Researchers have stumbled across a major breakthrough in their quest to treat the potentially fatal pregnancy complication pre-eclampsia.
Pre-eclampsia occurs when the placenta releases a toxin into the mother’s bloodstream, damaging her organs and forcing the early delivery of her baby.
It affects about one in 20 pregnancies, killing an estimated 70,000 women around the world each year, and there is no medical treatment.
But a team from Melbourne’s Mercy Hospital has found Nexium, a drug used to treat reflux, could stop the production of the toxins.
Dr Natalie Hannan from Melbourne’s Mercy Hospital said the discovery was “exciting” as it meant babies would be able to remain in the womb for longer.
She said the diagnosis for pre-eclampsia came in the middle of most pregnancies, forcing clinicians to deliver the baby early in order to save the mother.
“So we hope that this medication will actually enable the mother to have a longer pregnancy safely, in order to get the baby better grown for a time to come out that is more safe,” she said.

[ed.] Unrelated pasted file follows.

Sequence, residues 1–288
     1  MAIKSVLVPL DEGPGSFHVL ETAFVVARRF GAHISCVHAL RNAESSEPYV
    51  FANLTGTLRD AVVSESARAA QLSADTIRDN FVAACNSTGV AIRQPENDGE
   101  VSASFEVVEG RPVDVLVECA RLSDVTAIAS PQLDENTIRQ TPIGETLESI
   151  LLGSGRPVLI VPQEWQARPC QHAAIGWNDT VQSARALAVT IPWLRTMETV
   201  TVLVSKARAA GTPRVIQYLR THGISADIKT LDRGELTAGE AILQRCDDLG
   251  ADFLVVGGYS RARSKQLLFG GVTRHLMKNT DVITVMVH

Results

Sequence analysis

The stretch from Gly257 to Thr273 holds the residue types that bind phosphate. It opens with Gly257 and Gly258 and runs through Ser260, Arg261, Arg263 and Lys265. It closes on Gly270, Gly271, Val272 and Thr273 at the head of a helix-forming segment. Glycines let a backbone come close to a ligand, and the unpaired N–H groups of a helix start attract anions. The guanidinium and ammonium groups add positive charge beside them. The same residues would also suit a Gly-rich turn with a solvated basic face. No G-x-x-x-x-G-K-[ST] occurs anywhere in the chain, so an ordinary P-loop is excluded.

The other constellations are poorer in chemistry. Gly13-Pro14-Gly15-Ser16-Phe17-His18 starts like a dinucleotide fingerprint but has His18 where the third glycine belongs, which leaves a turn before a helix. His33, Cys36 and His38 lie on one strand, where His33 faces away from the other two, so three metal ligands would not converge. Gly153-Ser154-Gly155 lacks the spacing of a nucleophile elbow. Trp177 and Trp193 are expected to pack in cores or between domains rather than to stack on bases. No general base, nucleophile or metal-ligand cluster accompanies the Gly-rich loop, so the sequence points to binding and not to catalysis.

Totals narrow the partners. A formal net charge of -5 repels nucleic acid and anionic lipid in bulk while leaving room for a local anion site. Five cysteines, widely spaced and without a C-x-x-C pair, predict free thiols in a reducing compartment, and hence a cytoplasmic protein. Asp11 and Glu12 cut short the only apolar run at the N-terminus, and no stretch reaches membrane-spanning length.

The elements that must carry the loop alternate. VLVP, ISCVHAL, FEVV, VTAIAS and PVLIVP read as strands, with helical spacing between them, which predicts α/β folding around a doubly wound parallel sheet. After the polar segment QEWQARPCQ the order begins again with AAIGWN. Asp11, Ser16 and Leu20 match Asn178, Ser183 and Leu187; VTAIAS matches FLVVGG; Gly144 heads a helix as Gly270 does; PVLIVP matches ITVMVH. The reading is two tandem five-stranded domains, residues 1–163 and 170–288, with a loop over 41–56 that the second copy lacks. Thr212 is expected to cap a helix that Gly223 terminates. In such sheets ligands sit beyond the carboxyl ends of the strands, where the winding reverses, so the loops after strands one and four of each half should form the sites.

Dr Hannan said the discovery could potentially save the lives of both mother and baby.
“Both for the mother, because it will keep the disease at bay — we hope,” she said.
“And also for the child to give them longer inside mum, which is always better … and then we can deliver them safely.”
Research was ‘stumbled upon’
Dr Hannan said they had “serendipitously” stumbled upon the research that revealed the reflux drug affected an antioxidant response in the gut.
And she said once they knew that they began to consider how it could work with pre-eclampsia cases.
“So we tested in the lab to see whether or not we could block these proteins and whether we could protect a mother’s blood vessels,” she said.
Dr Hannan said they found that they could block the proteins from being released from the diseased placenta, as well as protect the mother’s blood vessels.
“And in small animal studies in the lab we could also prevent the disease becoming so significant at the end of the pregnancy,” she said.
Dr Hannan said international trials were set to begin soon in South Africa, where there are high rates of pre-eclampsia.
“We’ve currently got a clinical trial running with our clinical collaborators over in South Africa and we’re about three-quarters of the way through recruiting patients,” she said.
“We should have results for that towards the end of this year.”